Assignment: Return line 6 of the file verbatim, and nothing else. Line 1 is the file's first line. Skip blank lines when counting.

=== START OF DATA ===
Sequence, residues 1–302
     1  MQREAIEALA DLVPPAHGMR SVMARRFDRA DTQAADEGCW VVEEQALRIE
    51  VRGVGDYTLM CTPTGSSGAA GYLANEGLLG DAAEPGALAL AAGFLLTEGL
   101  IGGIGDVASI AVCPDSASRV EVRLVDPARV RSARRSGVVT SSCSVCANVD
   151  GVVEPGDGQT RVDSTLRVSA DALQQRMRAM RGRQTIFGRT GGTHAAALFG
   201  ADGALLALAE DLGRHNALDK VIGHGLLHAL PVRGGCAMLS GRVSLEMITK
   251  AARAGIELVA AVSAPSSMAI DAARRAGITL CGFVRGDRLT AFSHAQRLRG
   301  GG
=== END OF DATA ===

   201  ADGALLALAE DLGRHNALDK VIGHGLLHAL PVRGGCAMLS GRVSLEMITK